Dr. Yusra Ahmad, MD, FRCPC, is a community & academic psychiatrist in Toronto. She graduated with a BA from the University of Chicago and an MD from the University of Toronto where she completed her residency in psychiatry in 2013. She is affiliated with Women’s College Hospital and the University Health Network. She is a Clinical Lecturer in the Division of Psychotherapy, Humanities & Psychosocial Interventions at the Department of Psychiatry at the University of Toronto.
Dr. Ahmad created Mindfully Muslim after she witnessed the impact of repetitive trauma on her community, beginning with 9/11 and culminating in the Quebec City mosque shooting. Mindfully Muslim is an anti-oppressive, trauma-informed, faith-based group therapy program that blends her interests in mindfulness, neurobiology, poetry, self-help, psychotherapy and religion. It has been adopted by Women’s Health in Women’s Hands and Health Access Thorncliffe Park, two community health centres in Toronto. Because of this work, Dr. Ahmad was honoured with the 2019 Ontario Psychiatric Association’s Breakout Community Advocacy Award, Alhamdullilah.
Dr. Ahmad loves to live in between the lines because she believes a lot of power & beauty springs from these liminal spaces. She cares deeply about people and their stories.
Associate Professor in Islamic Studies,
Centre for Islamic Studies and Civilisation
Charles Sturt University/ Australian Catholic University
Salih Yucel got Bachelor of Islamic Divinity from the University of Ankara and Master of Theology from the University of Sydney. He worked as a Muslim Chaplain in Australia and then at Brigham and Women Hospital which is affiliated health institutions of Harvard Medical School for 13 years. He completed his doctorate at Boston University in 2007. His doctoral research was about “The Effect of Prayer on Muslim Patients Well-being.” Dr Yucel worked as a lecturer and senior lecturer at Centre for Religious Studies at Monash University between 2008-2014. Currently, he teaches at Centre for Islamic Studies and Civilisation at Charles Sturt University. He is also a part-time lecturer at ACU. He is the author of four books, co-author of one book and number of articles and book chapters.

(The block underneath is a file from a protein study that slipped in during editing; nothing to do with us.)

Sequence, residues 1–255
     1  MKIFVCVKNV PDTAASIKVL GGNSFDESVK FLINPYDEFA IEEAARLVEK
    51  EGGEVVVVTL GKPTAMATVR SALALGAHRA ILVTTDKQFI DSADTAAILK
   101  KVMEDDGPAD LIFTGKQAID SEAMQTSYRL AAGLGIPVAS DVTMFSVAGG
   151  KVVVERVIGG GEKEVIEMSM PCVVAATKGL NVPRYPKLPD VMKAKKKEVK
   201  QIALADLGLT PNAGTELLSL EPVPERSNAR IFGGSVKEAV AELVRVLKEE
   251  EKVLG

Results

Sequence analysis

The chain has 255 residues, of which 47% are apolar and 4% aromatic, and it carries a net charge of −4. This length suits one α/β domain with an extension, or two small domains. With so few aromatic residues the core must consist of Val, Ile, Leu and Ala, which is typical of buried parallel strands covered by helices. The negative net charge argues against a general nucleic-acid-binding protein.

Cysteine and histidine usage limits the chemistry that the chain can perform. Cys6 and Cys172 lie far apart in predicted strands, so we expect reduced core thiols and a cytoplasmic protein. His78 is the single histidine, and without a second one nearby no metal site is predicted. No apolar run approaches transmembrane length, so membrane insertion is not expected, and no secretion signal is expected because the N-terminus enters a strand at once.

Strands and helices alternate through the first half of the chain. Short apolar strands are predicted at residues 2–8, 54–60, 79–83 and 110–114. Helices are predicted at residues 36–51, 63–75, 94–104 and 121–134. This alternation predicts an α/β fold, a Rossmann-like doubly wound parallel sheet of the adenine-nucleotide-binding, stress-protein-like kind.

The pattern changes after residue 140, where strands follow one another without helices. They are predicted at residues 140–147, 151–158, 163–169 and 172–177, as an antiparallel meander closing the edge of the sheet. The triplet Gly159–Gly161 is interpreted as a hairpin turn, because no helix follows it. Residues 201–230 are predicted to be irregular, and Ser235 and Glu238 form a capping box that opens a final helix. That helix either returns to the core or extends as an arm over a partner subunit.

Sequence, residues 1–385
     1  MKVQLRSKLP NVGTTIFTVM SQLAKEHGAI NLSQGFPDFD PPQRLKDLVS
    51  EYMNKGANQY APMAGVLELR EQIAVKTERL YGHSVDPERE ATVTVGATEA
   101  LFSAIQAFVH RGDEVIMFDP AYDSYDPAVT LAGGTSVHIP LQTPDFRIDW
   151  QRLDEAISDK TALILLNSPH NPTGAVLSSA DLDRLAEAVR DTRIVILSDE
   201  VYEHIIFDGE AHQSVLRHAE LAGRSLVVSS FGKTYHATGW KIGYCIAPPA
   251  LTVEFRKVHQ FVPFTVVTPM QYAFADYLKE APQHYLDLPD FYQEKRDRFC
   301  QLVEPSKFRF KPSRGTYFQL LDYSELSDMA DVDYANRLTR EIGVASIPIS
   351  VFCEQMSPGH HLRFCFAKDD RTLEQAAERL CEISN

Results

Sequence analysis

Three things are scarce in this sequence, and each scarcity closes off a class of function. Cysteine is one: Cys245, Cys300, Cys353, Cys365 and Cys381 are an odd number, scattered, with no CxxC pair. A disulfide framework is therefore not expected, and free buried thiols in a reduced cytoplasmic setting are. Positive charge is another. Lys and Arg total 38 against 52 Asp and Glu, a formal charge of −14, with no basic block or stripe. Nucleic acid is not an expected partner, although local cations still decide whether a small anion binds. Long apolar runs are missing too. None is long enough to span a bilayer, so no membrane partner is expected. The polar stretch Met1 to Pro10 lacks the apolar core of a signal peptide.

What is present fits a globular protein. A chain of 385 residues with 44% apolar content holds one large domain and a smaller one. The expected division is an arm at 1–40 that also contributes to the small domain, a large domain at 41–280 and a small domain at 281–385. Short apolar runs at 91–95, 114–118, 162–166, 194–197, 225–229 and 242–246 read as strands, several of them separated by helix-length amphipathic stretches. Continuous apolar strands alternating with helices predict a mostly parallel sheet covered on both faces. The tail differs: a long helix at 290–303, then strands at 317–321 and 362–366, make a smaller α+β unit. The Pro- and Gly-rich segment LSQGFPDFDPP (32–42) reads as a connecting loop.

I am a graduate student in the Theology department and I have an undergraduate degree in psychology and theology, both at Huron University College. I was born in Jordan and lived my early adulthood between Jordan, Iraq, and Saudi Arabia, and I moved to London, Ont. in 2012. I have an undergraduate degree in Chemical engineering from the Technology University in Baghdad. I have worked with children with disabilities who are just landed in Canada as refugees. I also worked in Cross-Cultural Learning Center with refugee families in their settlement process and special needs. Currently, I am working with the Muslim Resource Center in London in the Strengthening Families Program. My interest in Islamic theology is from a psych-developmental focus, and this interest continues to grow through my academic activities at Huron and work with refugees. My undergraduate research experiences focused on the impact of the resettlement process on newly immigrated preschoolers’ development. My current graduate research is focused on the impact of Covid-19 on the development of children’s spirituality due to traumatic lockdown in March/2020.
Dr. Zuleyha Colak is a Senior Lecturer and coordinator of Turkish and Ottoman Language program at Middle Eastern Studies department at Columbia University. Previously she taught at the University of Minnesota, in Minneapolis in Global Studies department between 2005-2010. She received her B. A. in Arabic Language and Literature from Istanbul University, Turkey (1998). She holds two masters’ degrees, one in comparative literature in Arabic Literature in Marmara University, Istanbul, Turkey (2000), and one in Central Eurasian Studies/Ottoman and Modern Turkish studies at Indiana University (2003). Her Ph. D dissertation is on the portrayal of Women of Biblical and Quranic Joseph Story from Indiana University in 2010. She has been a board member at Respect Graduate school in Bethlehem, PA and teaching courses on Islam. Some courses are Islam 101, Who is Muhammad? and a master’s degree course on Essentials of Islamic Spirituality.